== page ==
Anyone who has ever seen Robin William's film "Awakenings" might understand of what I'm about to type....
Today found me split 50/50 between the ER with John and a horrible breathing problem and Gert, still trying to clear pneumonia and a blood infection. I ran back and forth, back and forth between the two until brother Mike showed up and stayed with Mom while I concentrated on John. Poor guy was so sick; I figured it was pneumonia but it ended up being something like a bronchitis illness. He couldn't lie flat - he'd cough, hack, and eventually gag himself awake. After 3 breathing treatments, an RX for a steroid, an inhaler, and an antibiotic, he was on his way home to bed but still not feeling very good. A pulmonologist is in his near future.
Mom has not faired quite as well today. She's back to being a bit foggy mentally, having forgotten my friend Jeff's name most of the afternoon. I see her falling back mentally today into the most recent pattern of searching for words, being more confused, etc. In fact, I'm seeing a fall back to previous times when she's not nearly as coherent as she's been of late. Sad, but true.
Those of us who visited her in the hospital the last few days might have seen Gert in her finest last moments. I think it's a decline coming again...shoot. I will ask the doctor about it tomorrow, but I doubt there's an easy explanation. It is what it is. As Mom said when Dad died "These things happen." I think they're happening again.
I'm ready to go home from this hospital. I've been sleeping/tossing in this pull out sofa for 6 nights now. I'm about done. I'm exhausted, mentally and physically. It's only with the moral support of my friends and those family who have surrounded and supported me that I've been able to get this far - again. I want to lie in my own bed, I want to see my dogs, i want to watch my tv, I want to swim in my pool, I want to take a vacation (if I can). I'm exhausted. I'm about as emotionally done as I've ever been or hope to be again.
I got a bit complacent and excited about Mom's recent recovery mentally while in the hospital. Being an eternal optimist is not always a good thing. It frequently leads me to a state of complacency and ultimate disappointment. And, as with a lot of things, I got ahead of myself. I thought it was back to the old "normal" for Mom now. It's not. It was simply an awakening - a brief moment of my Mom being more of her old self. I should have known. I could have saved myself a lot of heartache if I hadn't believed it would be different.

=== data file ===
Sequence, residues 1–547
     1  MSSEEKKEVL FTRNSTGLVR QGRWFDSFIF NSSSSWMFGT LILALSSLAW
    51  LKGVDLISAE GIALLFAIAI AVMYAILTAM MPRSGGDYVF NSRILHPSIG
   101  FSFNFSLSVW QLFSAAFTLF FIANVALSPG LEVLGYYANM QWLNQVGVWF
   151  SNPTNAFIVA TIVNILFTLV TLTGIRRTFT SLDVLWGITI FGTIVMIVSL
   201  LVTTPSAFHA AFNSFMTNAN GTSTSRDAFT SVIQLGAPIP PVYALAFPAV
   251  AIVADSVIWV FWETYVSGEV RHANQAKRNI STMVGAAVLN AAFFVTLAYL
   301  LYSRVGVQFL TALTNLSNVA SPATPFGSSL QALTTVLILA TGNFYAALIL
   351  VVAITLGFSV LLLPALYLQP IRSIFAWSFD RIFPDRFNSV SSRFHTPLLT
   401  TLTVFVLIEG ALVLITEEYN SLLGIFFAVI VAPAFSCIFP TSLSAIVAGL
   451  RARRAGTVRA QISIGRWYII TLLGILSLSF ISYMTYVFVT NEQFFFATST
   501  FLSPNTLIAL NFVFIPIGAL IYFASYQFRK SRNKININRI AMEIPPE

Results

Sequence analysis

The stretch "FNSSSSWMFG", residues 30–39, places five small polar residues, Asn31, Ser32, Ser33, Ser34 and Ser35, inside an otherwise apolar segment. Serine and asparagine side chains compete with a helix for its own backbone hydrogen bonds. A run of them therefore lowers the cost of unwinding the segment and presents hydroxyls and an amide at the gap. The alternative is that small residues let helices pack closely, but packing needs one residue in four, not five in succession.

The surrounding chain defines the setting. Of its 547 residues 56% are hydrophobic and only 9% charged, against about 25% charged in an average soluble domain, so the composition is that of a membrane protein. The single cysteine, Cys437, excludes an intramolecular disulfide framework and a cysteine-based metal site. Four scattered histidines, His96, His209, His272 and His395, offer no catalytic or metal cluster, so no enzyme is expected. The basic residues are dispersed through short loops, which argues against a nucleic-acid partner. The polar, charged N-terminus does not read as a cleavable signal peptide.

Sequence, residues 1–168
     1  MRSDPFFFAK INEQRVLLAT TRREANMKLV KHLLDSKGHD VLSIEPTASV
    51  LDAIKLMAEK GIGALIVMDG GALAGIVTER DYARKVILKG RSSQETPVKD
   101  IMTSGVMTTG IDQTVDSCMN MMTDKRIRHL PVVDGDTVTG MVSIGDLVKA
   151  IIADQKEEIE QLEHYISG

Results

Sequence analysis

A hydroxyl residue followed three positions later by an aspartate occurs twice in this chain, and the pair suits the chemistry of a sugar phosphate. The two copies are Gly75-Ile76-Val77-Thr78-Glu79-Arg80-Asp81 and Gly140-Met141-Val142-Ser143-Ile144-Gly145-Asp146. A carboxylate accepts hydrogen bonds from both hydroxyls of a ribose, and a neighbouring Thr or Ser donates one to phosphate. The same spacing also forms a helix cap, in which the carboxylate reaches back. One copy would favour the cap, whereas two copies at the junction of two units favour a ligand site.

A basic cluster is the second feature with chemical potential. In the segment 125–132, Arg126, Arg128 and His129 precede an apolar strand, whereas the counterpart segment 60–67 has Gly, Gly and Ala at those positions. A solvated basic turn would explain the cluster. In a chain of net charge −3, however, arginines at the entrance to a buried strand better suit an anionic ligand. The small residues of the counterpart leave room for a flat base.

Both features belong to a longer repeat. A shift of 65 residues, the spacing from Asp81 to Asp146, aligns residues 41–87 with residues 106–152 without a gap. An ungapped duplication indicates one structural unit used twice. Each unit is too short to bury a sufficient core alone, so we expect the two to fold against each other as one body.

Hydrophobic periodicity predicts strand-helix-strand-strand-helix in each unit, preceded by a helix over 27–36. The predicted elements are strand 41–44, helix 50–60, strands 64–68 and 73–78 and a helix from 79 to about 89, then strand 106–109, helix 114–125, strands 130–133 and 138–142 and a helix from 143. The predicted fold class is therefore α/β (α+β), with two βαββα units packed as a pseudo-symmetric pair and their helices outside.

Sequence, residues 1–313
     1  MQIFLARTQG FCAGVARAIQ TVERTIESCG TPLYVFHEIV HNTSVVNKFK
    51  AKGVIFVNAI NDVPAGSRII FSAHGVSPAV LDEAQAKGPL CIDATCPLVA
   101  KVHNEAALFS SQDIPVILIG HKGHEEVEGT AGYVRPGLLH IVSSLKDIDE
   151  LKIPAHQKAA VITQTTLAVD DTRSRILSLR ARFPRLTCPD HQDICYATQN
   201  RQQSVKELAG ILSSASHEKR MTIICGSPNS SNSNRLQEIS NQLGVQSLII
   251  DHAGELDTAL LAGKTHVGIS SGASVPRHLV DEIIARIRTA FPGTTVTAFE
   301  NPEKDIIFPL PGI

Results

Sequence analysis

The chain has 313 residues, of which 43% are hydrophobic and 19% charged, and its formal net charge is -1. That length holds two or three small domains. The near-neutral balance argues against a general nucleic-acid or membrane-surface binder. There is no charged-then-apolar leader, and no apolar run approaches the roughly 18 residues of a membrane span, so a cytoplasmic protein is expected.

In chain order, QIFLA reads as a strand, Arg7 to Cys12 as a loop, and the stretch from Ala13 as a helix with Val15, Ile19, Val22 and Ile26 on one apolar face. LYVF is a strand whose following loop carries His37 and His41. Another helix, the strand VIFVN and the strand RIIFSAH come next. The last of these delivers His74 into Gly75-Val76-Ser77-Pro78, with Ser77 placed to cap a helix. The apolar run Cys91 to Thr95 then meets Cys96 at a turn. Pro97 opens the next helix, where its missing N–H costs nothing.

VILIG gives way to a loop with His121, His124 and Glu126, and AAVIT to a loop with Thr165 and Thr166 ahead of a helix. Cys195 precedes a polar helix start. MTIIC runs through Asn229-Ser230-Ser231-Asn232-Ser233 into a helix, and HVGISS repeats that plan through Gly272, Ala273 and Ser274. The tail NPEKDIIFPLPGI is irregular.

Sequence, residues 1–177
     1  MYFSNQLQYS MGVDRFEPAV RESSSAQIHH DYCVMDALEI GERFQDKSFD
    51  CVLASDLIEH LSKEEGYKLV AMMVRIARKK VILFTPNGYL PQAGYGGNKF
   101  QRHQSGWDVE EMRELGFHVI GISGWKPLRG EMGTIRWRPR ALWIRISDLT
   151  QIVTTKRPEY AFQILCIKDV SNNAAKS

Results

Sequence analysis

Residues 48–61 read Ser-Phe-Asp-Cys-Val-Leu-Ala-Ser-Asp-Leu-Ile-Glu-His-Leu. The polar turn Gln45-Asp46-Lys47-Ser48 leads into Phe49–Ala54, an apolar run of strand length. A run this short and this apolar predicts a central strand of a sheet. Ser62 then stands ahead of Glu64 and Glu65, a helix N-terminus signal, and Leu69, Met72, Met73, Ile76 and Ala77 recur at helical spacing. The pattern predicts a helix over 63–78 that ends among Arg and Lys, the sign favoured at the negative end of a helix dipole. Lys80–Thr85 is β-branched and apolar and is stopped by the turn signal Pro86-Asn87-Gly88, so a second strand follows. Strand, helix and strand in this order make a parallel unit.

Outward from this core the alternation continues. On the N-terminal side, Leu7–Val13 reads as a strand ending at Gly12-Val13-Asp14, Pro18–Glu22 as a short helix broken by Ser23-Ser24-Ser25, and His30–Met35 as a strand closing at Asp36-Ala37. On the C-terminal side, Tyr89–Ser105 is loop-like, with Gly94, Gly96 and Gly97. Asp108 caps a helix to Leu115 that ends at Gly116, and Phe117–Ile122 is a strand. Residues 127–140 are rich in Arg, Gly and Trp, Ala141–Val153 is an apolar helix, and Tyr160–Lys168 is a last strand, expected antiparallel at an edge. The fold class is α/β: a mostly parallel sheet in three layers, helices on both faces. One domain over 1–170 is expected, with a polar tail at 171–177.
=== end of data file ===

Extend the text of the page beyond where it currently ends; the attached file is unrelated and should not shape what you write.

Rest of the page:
But, now, as she slips back to a shadow of her former self, at least I have the memory of being in the hospital with her, late at night, and talking in lucid moments of days gone past. At least I know that, for a few brief moments, she was again my old Mom and I saw her rally. But, I'm afraid she's tired again. So, I shall let her sleep. At least for the evening.
I'm hoping to take Mom home tomorrow - back to our house, back to our friends, back to her own bed, surrounded by a bunch of love. I'm hoping to make her as comfortable as I can as we enter what I think might be the last phase.
Big brother Mike was here this morning when I took off to be with John in the ER. Carina stopped by today on her way to her United job around 10, offered wonderful moral support, spelled me for a bit and then had to leave. John was still in the ER so, I called Jeff for help around noon, and Sophia came in 1-3 until friend Marianne took over - it does, indeed, sometimes take a village. And, thankfully, I'm supported by the best village around. All of my friends have called to offer their support - all I have to do is ask. They all act so selflessly. Anything I need - someone is there to offer the help. Does it really get any better than that?
And, for that, my dearest of dearest friends, I am so grateful. Where would I be without you? I only hope that I can repay the favor one day. I hope that I can be there when a friend needs me the most - not only to sit and talk to their failing loved one, but to offer them moral support. So many forget that it's frequently the caregiver who takes the brunt of the emotional work. I hope I never forget this lesson. It's an important one. I've hope that I've learned it well and that I'm selfless enough to put aside my own wants and needs to be there to help those others who are in a more difficult position. I pray I remember. I know I'll remember. That's how my Mom and Dad raised me.